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Democratic candidates work to nab county judge seat

Two Democrats are hoping to make the Denton County Commissioners Court more accessible to the public if either of them is elected to the county judge seat in November.

Local business owner and repairman Willie Hudspeth and paralegal Diana Leggett will face each other in the Democratic primary race March 6. Current Denton County Judge Mary Horn announced in November she would not seek re-election after holding her position for the last 15 years.

Horn also endorsed from the bench Precinct 4 Commissioner Andy Eads as her replacement. Eads announced in December he would run for the position as a Republican. He is running unopposed in the primary and will be on the ballot for the Nov. 6 election.

Commissioners Court is the governing body of the county and the judge serves as the chief executive. The court handles things like setting the county tax rate, building county roads and funding county agencies.

Because Commissioners Court does not actually try civil or criminal court cases, the county judge is not required to have a law degree. The  judge serves a four-year term and earns a $136,970 annual salary along with a yearly $6,210 car allowance.

Hudspeth owns and operates a consignment shop on the corner of Oak and Bonnie Brae streets, but said it was his previous political activism that motivated him to run. He has spent the last 18 years asking commissioners to do something about the Confederate soldier monument on the downtown Square. He recently served on the committee that voted to add historical context to the statue, but said he wanted to do more.

"My kids would ask me, 'What are you doing all this for?'" he said. "Everybody has bad things that happen to them, but overall, the county has been a good place for me to raise my family. I would like to have a part in helping that continue."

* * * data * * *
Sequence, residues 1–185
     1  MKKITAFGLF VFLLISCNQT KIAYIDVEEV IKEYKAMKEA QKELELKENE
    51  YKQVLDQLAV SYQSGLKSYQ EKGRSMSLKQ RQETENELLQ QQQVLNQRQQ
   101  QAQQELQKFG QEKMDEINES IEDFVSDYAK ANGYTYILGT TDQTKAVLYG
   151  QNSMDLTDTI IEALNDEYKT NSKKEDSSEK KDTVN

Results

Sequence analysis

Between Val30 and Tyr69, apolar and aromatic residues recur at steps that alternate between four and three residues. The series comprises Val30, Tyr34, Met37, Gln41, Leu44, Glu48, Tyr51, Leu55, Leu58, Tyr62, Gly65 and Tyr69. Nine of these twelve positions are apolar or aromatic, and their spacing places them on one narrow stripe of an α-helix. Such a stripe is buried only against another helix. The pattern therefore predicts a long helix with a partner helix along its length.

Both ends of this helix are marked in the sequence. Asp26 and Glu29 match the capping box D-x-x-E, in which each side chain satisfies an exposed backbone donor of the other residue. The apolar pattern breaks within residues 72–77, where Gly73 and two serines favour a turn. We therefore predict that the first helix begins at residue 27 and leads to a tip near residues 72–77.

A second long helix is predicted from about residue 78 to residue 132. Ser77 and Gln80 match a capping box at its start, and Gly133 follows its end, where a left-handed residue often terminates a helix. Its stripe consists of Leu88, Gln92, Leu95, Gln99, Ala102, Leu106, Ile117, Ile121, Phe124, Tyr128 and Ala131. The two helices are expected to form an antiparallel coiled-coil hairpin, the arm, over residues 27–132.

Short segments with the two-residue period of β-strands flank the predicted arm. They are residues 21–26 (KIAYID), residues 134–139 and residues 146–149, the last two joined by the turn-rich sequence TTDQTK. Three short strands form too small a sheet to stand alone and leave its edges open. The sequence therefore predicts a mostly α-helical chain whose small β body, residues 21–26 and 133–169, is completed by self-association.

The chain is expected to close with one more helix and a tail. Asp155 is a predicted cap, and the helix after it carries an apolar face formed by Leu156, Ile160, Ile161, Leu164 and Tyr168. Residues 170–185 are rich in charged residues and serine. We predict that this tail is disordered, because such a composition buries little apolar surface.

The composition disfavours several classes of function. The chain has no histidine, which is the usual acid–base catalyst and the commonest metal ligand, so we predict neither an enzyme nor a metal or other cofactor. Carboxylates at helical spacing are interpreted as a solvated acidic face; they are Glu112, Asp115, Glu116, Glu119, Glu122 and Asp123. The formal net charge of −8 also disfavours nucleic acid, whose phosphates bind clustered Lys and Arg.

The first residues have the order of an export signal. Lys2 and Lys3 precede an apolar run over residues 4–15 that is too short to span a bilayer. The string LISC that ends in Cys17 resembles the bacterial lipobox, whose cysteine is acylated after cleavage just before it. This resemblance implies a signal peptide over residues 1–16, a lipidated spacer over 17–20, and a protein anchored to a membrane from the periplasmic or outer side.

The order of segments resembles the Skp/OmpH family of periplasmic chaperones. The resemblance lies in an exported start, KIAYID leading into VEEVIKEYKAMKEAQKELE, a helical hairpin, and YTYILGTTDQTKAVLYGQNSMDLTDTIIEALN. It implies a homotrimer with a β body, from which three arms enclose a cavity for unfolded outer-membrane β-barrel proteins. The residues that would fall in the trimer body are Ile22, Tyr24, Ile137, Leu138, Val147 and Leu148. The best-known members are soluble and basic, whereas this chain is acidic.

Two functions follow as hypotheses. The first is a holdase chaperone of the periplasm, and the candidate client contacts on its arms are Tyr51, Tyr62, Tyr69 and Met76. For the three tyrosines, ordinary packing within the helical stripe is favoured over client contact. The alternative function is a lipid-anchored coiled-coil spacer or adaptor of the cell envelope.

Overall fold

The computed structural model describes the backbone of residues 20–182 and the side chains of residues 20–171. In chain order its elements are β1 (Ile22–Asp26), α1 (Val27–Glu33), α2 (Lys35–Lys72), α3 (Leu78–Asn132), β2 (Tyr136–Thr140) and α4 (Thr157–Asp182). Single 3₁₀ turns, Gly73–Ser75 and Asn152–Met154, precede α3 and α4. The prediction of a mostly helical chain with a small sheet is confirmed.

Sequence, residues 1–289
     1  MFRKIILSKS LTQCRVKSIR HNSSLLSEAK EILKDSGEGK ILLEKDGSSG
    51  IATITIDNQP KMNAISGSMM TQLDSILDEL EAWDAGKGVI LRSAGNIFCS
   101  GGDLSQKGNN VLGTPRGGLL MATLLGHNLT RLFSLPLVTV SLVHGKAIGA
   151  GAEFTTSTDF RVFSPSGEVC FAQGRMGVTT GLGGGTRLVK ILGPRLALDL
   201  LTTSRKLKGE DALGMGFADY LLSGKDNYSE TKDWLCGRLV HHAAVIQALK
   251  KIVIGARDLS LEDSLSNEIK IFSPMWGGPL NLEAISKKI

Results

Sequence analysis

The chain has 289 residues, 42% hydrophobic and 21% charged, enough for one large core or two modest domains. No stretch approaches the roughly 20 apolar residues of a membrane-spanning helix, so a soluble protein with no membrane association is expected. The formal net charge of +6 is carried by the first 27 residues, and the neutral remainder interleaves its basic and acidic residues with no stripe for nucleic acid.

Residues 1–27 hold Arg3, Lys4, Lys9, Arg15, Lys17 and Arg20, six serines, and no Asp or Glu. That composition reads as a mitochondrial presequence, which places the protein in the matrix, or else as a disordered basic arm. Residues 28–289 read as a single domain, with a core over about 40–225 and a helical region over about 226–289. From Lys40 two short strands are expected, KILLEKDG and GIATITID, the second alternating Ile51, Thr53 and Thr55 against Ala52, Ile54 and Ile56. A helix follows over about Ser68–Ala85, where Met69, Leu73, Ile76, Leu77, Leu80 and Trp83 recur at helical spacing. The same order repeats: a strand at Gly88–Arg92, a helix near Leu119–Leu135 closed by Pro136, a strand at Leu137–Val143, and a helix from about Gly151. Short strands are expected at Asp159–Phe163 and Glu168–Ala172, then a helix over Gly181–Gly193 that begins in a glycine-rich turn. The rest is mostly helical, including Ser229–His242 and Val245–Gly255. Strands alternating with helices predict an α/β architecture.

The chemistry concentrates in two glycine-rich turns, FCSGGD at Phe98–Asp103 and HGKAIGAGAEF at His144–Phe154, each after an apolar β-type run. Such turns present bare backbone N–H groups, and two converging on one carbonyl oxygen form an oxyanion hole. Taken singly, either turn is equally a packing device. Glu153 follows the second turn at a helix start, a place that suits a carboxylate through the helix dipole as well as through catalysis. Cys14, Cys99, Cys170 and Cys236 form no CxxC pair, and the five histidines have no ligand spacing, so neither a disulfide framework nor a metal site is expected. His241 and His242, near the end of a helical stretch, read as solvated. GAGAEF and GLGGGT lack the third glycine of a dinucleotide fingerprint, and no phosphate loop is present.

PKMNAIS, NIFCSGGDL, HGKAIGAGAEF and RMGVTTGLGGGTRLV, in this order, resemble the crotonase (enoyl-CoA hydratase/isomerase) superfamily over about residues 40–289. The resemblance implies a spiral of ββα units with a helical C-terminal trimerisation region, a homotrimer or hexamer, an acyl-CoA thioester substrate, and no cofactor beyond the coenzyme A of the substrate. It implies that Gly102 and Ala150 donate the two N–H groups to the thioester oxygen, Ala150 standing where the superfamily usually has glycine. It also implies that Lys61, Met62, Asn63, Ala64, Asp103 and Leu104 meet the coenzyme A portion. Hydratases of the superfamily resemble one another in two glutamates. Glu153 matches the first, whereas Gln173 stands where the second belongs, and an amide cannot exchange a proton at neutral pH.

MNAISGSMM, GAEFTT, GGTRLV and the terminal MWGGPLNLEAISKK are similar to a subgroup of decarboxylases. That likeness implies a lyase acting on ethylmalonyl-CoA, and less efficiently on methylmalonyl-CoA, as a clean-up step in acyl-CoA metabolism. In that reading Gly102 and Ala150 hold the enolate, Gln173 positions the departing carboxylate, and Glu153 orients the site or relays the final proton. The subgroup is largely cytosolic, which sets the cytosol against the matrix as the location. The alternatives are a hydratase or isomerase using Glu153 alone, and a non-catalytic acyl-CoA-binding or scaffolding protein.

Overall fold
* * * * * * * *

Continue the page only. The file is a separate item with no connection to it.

Leggett works as a paralegal for Durand and Associates in Denton but is also an activist in the realm of animal rights. She is the president of WildRescue, a nonprofit that rehabilitates wild animals, and said she was looking to make an impact in other ways.

"I was looking at different community efforts, serving on boards or something like that," she said. "Watching the election results that fateful night in November and seeing the country painted red, I realized everything that I have worked for, for half my life, was now in grave jeopardy. Watching what was happening already in Denton County environmentally, something inside me came alive."

Early voting for the primary races begins Tuesday. For more information about where and how to vote, go to

The Denton Record-Chronicle caught up with the candidates this month and asked them about their outlook on the county judge position. Candidates are listed in the order they appear on the ballot.

Willie Hudspeth

Denton County Judge Democratic candidate Willie HudspethWillie Hudspeth
Denton County Judge Democratic candidate Willie Hudspeth
Willie Hudspeth

Age: 72

Born in: Fort Worth

Education: Bachelor of Arts in business and master’s degree in education, University of North Texas

Experience: owner of Willie Hudpseth Fantastic Sales, repairman and served four years in the U.S. Air Force during the Vietnam War

Community service: served on the Denton ISD board for six years, current president of the Denton County chapter of the National Association for the Advancement of Colored People and started Kids First training program with students and local law enforcement

Website: or on Facebook at Willie Hudspeth For Denton County Judge